In sum, the Banks various entities ensure that over $60bn a year is directly invested in developing countries. But that is only the Banks direct contribution. Given that the Bank usually co-invests with the private sector and host governments, the true figure is likely to be between $100-$200bn, depending on which assumptions one makes. All together Multilateral Development Banks, including the EBRD, IDB, ADB, AfRD and the World Bank, provide over $300bn of financial assistance to help countries develop.

Today global investment in emerging markets is roughly 1/3rd of what is is needed annually ($1trn funded against $3trn required in Asia alone). The World Bank clearly cannot do all of that on its own. But for all of its challenges and the valid criticisms raised, the bank is one of the most valuable assets for fighting poverty in the International system.

Hopefully you can now say you know a little more about it.

Germany’s election will decide the EU’s future

This September has been awash with commentary regarding the future of Europe. From Macron’s address on a future EU finance ministry, to President Juncker’s call for a new EU blueprint, Theresa May’s Florence speech and the upcoming German election result, it is clear that the tectonic plates are shifting. But in what direction and what does this all mean.

The EU’s political consensus is fracturing. The Brexit referendum has demonstrated that EU membership is not permanent and consequently that there are political consequences to constantly attacking the union. As a result, politicians who have previously attacked the EU in order to deflect unpopular decisions in their countries now face a choice: do they make a pro-federalist case for EU reform through integration or do they support a de-centralisation strategy. The choice is likely to be settled by two issues: the German election composition and Turkey.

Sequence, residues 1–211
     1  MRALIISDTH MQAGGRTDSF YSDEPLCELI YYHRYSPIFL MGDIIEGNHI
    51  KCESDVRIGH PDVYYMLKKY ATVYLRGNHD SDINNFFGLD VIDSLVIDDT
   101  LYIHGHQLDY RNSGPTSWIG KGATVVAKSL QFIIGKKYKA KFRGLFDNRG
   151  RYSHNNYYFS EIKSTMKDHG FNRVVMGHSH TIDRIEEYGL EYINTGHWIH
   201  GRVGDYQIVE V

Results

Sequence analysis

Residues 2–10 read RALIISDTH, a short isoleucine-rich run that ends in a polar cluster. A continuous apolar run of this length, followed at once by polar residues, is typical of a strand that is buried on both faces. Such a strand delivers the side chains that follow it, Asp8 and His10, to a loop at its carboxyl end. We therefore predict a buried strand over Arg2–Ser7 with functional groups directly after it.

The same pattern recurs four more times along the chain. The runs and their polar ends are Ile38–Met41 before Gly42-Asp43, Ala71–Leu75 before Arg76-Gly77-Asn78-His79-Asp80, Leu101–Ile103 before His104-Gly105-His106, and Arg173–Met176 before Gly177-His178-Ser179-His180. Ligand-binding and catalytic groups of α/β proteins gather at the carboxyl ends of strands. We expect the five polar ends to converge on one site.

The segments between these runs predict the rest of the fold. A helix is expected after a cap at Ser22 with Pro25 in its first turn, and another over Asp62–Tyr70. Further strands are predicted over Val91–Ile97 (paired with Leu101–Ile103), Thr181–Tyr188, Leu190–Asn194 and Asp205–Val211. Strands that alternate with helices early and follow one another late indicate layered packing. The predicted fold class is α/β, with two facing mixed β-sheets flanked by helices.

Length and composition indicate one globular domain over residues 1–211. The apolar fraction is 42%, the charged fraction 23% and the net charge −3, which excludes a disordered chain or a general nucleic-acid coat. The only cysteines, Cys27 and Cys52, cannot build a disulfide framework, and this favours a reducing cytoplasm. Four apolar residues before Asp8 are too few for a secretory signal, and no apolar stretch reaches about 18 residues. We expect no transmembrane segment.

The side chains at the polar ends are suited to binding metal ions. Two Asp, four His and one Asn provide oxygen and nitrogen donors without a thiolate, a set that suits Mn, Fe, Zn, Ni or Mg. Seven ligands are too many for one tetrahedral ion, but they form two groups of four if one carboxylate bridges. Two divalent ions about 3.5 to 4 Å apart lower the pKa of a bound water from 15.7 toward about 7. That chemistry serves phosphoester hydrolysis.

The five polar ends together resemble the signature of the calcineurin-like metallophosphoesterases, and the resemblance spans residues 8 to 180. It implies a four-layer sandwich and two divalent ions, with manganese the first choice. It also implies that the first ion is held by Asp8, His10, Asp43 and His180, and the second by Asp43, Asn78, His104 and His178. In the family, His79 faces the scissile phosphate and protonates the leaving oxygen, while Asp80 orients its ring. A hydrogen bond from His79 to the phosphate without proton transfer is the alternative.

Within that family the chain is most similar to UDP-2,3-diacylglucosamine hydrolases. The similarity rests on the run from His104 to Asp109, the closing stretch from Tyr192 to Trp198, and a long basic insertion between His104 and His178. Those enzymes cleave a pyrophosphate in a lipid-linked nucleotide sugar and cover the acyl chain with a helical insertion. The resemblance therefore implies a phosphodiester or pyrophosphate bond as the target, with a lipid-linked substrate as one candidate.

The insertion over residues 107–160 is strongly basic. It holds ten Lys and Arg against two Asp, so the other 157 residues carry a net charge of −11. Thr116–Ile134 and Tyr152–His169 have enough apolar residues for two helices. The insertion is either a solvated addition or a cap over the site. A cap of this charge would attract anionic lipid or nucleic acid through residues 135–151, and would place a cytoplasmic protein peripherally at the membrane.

Germany’s election is more complex than it seems. Current polling suggests that the CDU will win, but the question is whether they are able to govern with a “Jamaica coalition” of the FPD and Greens. A Jamaica coalition is desirable because of another party, the AfD. The AfD are on course to receive 11% – 12% of the popular vote and become the 3rd largest party in the Bundestag. If the CDU and SPD were to form another grand coalition, then the AfD would become the official opposition to the German government. A great podcast covering this is available here. If Germany does assemble another grand coalition, it is expected to be much more open to renewed EU federalism. However, if the FDP enters government then the dream of an EU finance ministry will be dead in the water.

Assuming a pro-reform minded Germany, the only barrier to further EU reforms would be Turkey. The migration crisis in 2015 was not resolved, but Merkel’s bilateral arrangement with Turkey has been a very effective stop-gap measure. Following a heated war of words between both nations in the last two years, the status of the refugee arrangement may be under review. According to the UN there are 3.1mn Syrian refugees alone in Turkey, though the official number may be higher. Were Turkey to renege on the deal, Greece would certainly see a significant uptake in new arrivals, as would most of south east Europe. Given the current hostilities and tension towards migration in the union, the risk that shengen may collapse in parts is very feasible. Such an action would again set back momentum towards a unified Europe.

The resurgence of pro-EU sentiment following Brexit, suggests that the political stalemate on further integration may finally be broken and that meaningful treaty reform is feasible. But this requires the German domino to fall into place and the migration pact to hold. As Guy Verhofstadt’s most recent book title suggests, this may be “Europe’s last chance” to successfully push through irrevocable integration among EU members.

All the wrong issues